• A poorly negotiated deal would also undermine the U.S.’s international relationships and may damage alliances/trade partnerships, such as with Israel and Saudi Arabia.
    • Likelihood: Deal does not go through – Unlikely; Deal is Poorly negotiated – Moderate
      • As mentioned, the Iranian Nuclear Agreement has come down to some of the final issues. The current point of conflict is Iran wanting the US to delist the Islamic Revolutionary Guard Corps (IRGC) as a terrorist organization. This section of Iran’s Armed Forces is responsible for the taking of hundreds of American lives. Eyes are on the US to see if the US will submit to Iran’s demand to delist the IRGC. Doing so would certainly risk our relationships with Saudi Arabia, Israel, and other countries.
    • Market Implication
      • If there was a war between Israel and Iran, the market will likely sell-off quickly for fear of a widespread war. The market may favor companies that supply energy and defense to Israel and the US.
      • If tensions only increase but war is averted, Saudi Arabia will continue to distance themselves from the U.S. and limit our energy imports. This would worsen inflation in the US energy market, but perhaps cause a market shift towards higher US energy production.

The final area of discussion will be the trajectory of the United States if none of the other geopolitical risks occur:

United States

  • US Inflation
    • Inflation spiraling out of control.
      • Global supply chains were already under pressure from Covid-19 lockdowns. Now, they have seen increasing pressure from global tensions. The Consumer-Price-Index is currently showing inflation to be at about 7.9% annualized. On March 16th, The Federal Reserve raised the Federal Funds Rate by 0.25% to slow inflation down. They also released their plan for 6 more 0.25% rate hikes during 2022. On Monday, Federal Reserve Chairman, Jerome Powell, came out and stated, “Inflation is much too high.” He noted that this could force the Fed to raise rates by 0.5% instead of 0.25%.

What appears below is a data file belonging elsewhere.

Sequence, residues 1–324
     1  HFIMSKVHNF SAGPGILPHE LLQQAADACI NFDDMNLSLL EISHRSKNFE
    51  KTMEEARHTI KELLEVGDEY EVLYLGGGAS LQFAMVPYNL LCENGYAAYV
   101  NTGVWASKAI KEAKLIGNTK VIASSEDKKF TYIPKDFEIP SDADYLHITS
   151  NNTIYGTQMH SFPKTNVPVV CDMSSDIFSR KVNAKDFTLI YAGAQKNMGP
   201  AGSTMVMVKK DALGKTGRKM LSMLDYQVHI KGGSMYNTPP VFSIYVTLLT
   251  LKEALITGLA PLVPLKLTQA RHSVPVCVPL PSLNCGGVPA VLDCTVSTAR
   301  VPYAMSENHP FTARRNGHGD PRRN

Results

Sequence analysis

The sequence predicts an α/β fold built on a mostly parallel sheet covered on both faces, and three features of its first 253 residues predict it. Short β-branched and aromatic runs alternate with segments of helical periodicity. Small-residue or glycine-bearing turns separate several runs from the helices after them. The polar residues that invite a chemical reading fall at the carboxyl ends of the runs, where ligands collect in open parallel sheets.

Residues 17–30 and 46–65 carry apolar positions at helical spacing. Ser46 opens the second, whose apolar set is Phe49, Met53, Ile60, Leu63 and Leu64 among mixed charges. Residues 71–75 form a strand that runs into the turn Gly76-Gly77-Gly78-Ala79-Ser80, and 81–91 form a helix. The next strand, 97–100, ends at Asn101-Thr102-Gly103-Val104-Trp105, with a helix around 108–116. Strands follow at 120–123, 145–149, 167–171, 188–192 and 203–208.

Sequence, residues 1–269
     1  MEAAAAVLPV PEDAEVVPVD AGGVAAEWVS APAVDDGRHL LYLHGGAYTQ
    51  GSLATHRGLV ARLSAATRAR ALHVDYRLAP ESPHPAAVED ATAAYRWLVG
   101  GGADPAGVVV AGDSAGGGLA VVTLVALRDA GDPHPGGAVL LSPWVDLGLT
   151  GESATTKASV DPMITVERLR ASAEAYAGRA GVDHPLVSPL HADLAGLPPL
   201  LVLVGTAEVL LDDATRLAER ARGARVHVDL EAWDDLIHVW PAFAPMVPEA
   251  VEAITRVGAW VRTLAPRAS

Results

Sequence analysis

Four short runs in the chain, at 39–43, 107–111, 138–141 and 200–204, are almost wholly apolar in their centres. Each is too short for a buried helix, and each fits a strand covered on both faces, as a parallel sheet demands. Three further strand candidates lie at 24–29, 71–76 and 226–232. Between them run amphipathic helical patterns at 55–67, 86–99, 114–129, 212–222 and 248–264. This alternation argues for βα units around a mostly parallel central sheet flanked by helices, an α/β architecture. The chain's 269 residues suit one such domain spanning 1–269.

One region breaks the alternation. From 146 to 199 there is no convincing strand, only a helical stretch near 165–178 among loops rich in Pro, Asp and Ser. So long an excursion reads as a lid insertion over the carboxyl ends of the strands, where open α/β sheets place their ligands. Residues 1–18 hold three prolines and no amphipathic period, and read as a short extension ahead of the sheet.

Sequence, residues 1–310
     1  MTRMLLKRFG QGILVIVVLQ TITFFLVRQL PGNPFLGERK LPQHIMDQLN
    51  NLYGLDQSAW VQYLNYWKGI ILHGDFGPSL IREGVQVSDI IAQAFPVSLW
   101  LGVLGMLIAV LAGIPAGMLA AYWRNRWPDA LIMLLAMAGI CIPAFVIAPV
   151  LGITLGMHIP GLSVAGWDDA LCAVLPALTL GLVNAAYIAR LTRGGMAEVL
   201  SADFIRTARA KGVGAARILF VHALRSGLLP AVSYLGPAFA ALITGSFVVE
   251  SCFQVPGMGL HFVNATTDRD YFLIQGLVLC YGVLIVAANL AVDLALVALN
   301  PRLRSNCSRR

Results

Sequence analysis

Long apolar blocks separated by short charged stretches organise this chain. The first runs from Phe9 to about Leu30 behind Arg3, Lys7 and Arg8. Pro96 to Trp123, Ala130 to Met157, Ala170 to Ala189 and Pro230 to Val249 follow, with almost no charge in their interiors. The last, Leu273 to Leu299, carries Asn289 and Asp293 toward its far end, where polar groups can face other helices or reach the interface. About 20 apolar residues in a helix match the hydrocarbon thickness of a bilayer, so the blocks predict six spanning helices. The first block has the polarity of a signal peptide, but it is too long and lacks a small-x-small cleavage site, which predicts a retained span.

• The current risk is that the Fed will not be successful in slowing down inflation, thus pressuring them to aggressively raise rates at future FOMC meetings.
    • Likelihood: Very Probable
      • I expect it is very likely that we see inflation run higher than expected for some time unless there is a recession. In the past, the development of global supply chains has been one of our strongest strategies to reduce costs and inflation. Today, these supply chains are under an enormous amount of pressure. The world is scrambling to find nations that can supply energy and raw materials at the prices and quantities needed. This is only worsening the bottleneck and pushing prices higher.
    • Market Implication
      • The market has already priced in 0.25% rate hikes. If inflation continues at the current rate, or worsens, the Fed’s change to 0.5% rate hikes could have a substantial impact on borrowing by consumers and businesses: especially highly leveraged sectors such as tech and real estate. If this occurs, companies with low debt, high pricing power, or a low price-book value multiples will see an inflow of capital.


Final Thoughts

While many of these risks are unlikely to occur, there are simply too many of them that could have a substantial impact on the US, to feel comfortable returning to a “bullish” position. Does this mean I am giving up some upside potential if I am wrong? Yes, but during such a volatile period, I feel it is prudent to have more of a hedge towards the downside. JWM’s current allocation reflects these realities with the intention of protecting our investors from unprecedented turmoil in global markets.


*Statements of future expectations are based on current market conditions, and involve uncertainties that could cause actual results to substantially differ from those expressed. This commentary is for informational purposes only and should not be construed as specific advice. The views and opinions expressed are based on current economic and market conditions and are subject to change.